By Zuhurud-Din M. M. Ahmad
Read or Download An Examination of the Mystic Tendencies in Islām in the Light of the Qur'ān and Traditions PDF
Similar islam books
This publication discloses a mostly disregarded discussion among Muslim and Western social idea searching for which means and transcendence within the human sciences. The disclosure is finished through a comparative interpreting of latest Muslim debates on secular wisdom at the one hand, and of a foundational Western debate at the loss of life of metaphysics within the human sciences however.
The vintage advent to Islamic legislations, tracing its improvement from its origins,through the medieval interval, to its position in sleek Islam.
The Qur'an is the first spiritual textual content for one-sixth of the world's inhabitants. Understood through Muslims to include God's personal phrases, it's been an item of reverence and of excessive examine for hundreds of years. The hundreds of thousands of volumes that Muslim students have dedicated to qur'anic interpretation and to the linguistic, rhetorical and narrative research of the textual content are adequate to create whole libraries of qur'anic stories.
- Applying Ibn Khaldūn: The Recovery of a Lost Tradition in Sociology
- The Companions of the Prophet: A Study of Geographical Distribution and Political Alignments (Islamic History and Civilization)
- Figh Made Easy
- The Cambridge Illustrated History of the Islamic World
- The Commentary on the Qur’ān: Volume I
- The first Islamic reviver : Abū Ḥāmid al-Ghazālī and his Revival of the religious sciences
Additional info for An Examination of the Mystic Tendencies in Islām in the Light of the Qur'ān and Traditions
218⁄833). Ibn Is āq’s compilation served as a model to later historiographers who quoted large portions of his accounts. His compilation contains numerous allusions to qur ānic verses about the Jews. ). These tribes based their military power on fortresses built of stone, within which they lived, and thanks to which they retained predominance over their Arab neighbors. ) following the Babylonian and the Roman conquests of that area. ), but other traditions trace their origins to certain ancient Arab clans who are said to have converted to Judaism (see tribes and clans).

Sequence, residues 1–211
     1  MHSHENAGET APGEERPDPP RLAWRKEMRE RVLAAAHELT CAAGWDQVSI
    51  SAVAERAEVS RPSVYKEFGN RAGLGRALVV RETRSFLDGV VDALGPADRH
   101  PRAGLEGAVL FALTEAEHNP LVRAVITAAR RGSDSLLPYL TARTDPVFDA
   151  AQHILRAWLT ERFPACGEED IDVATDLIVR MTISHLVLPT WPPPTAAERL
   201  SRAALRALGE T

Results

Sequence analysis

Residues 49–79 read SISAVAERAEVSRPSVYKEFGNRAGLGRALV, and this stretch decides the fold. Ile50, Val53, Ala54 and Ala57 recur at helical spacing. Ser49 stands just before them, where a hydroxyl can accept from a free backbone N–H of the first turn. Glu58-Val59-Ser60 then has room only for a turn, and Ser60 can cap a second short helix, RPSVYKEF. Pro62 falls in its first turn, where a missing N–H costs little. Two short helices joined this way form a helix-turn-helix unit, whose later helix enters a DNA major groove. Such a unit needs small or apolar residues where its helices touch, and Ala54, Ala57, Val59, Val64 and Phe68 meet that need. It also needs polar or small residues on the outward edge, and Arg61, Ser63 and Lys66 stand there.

3:19; 5:82; see tolerance and compulsion), (d) to preach or argue with them peaceably (q 3:64; 4:63; 16:64, 125; 29:46; 41:34; see invitation), and (e) to ﬁght them under certain restrictions (q 2:190, 191-4, 217; 4:91; 9:36, 123; 16:126; 22:39-40). There are also qur ānic references to treaties with inﬁdels and to peace (q 2:208; 4:90; 8:61; cf. q 3:28; 47:35; see contracts and alliances). All these are in conﬂict with the clear orders to ﬁght, expressed in q 9:5 and 9:29 (cf. q 2:244). q 9:5 instructs the Muslims to ﬁght the idolaters (mushrikūn) until they are converted to Islam and is known as “the sword verse” (āyat al-sayf, see polytheism and atheism).
S. Hodgson, Abd Allāh b. S. Humphreys, Islamic history. A framework for inquiry, Minneapolis 1988 (especially 255-83), Princeton 1991 (rev. J. Kister, The massacre of the Banū Quray a, in jsai 8 (1986), 61-96; Lane; M. , Muslims, Jews and pagans. Studies on early Islamic Medina, Leiden 1995; B. Lewis, The Jews of Islam, Princeton 1984; A. Noth, Abgrenzungsprobleme zwischen Muslimen und nicht-Muslimen. Die “Bedingungen Umars (al-shurū al- umariyya)” unter einem anderen Aspect gelesen, in jsai 9 (1987), 290-315; Paret, Kommentar; U.
An Examination of the Mystic Tendencies in Islām in the Light of the Qur'ān and Traditions by Zuhurud-Din M. M. Ahmad